Do we support ERC-1155? What is our approach and what should Game Developers consider for their designs?

Yes. We support most smart contracts; including the ERC1155 standard.
The approach can vary depending on the needs, given that our tool can run natively in Unity you have the possibility of performing read methods directly to contracts from a game server instance; this might be useful for some cases where the security is critical (eg. allowing access to your game, or choosing an item at the begging of a round), but not ideal for all use cases because of the response times (100ms-1000ms depending on the network and network conditions, eg. Ethereum, Polygon, almost any EVM network).
We can also help set up an off-chain server to index on-chain data, in order to be able to perform faster queries, of course, at the expense that the data may not be up-to-date.
Developers need to be aware of the contracts that they choose to develop or/and interact with and being able to design the correct architecture for their needs.
Custom JSONs are needed for handling contract ABI’s. We provide examples for this.

As a Game Developer, where does the Emergence SDK sit in a typical Tech Stack? How should game devs be using this and what are specifics they should be aware of?

The emergence SDK is distributed as a plugin, it is available for Unreal & Unity. Game developers can then perform on-chain tasks, and provide authentication through wallet signing or on-chain data, we also provide off-chain services for managing user profiles and a user interface to handle everything related to them, the authentication method for our off-chain services is wallet based.
You can see a full diagram of our current and future architecture here.

As a game developer using the Emergence SDK, what should I be aware of for onchain vs offchain assets?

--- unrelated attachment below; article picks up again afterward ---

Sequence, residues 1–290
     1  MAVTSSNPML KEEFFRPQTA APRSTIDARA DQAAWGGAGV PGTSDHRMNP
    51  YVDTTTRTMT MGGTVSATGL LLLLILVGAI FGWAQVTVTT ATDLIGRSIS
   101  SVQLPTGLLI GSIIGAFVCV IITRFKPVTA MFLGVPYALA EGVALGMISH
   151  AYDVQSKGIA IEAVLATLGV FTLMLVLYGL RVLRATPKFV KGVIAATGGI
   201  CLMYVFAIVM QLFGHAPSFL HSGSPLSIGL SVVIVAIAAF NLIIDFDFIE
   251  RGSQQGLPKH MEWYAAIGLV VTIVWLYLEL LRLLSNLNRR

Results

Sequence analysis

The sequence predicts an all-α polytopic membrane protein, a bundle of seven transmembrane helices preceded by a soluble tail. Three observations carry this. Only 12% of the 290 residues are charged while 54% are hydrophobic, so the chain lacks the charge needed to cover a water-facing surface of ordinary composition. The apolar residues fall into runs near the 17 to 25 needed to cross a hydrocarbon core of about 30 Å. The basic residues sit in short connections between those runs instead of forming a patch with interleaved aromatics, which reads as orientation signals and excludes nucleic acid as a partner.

Onchain assets that comply with standards (erc-20, erc-721, erc-1155) have the benefit of interoperability, meaning that these assets are normally liquid (easily exchangeable), and given that they have a set of standard methods; it’s easy for 3rd party developers to then interact with them in any kind of application, of course that depending on the network of choice, the network effect can vary; example: Opensea currently supports Ethereum and Polygon.
Off Chain assets/data can still be useful for items that we don’t necessarily consider of value or have the need to live in a blockchain. Below we provide an example of a hybrid model; which is widely used.

How can I think of using on-chain attributes in a game?

Example: I have a sword that is damaged. Does that reduce the “worth” of the item on-chain? Example: I have a car that I upgrade in game, how do those attributes get saved on-chain? Example: Can a gamedev think of a whole experience, a game world, as something that gets saved on-chain?

These are high level architecture questions and the answer for each of them can really vary depending on the needs and the business model of the game. To answer your question, everything above is possible, Solidity is a turing complete language. Here are some examples:
Solidity has the concept of mappings (normally used for attributes) which can be structs or just single data types (bool, int, array, etc), these can be used to relate a tokenID to something. In the sword case, we could have an NFT that has a “Damaged” attribute, which could be a boolean that gets triggered by X action.
For a car upgrade or even a whole game world, you could consider more complex types.
The possibility of a ‘hybrid’ model also exists; where you can represent something with extremely high-level on-chain (for example: ‘a magic sword’) but you can also relate off-chain data for your game for that given on-chain asset, so you would know in your centralized database that tokenID:123 is damaged, or you could just save a screenshot or a placeholder on-chain, but store an entire game-world related to it off-chain. This is widely used and normally accepted by the community. There are also standards for storing off-chain data, so it’s easily recoverable by 3rd party applications (eg. opensea).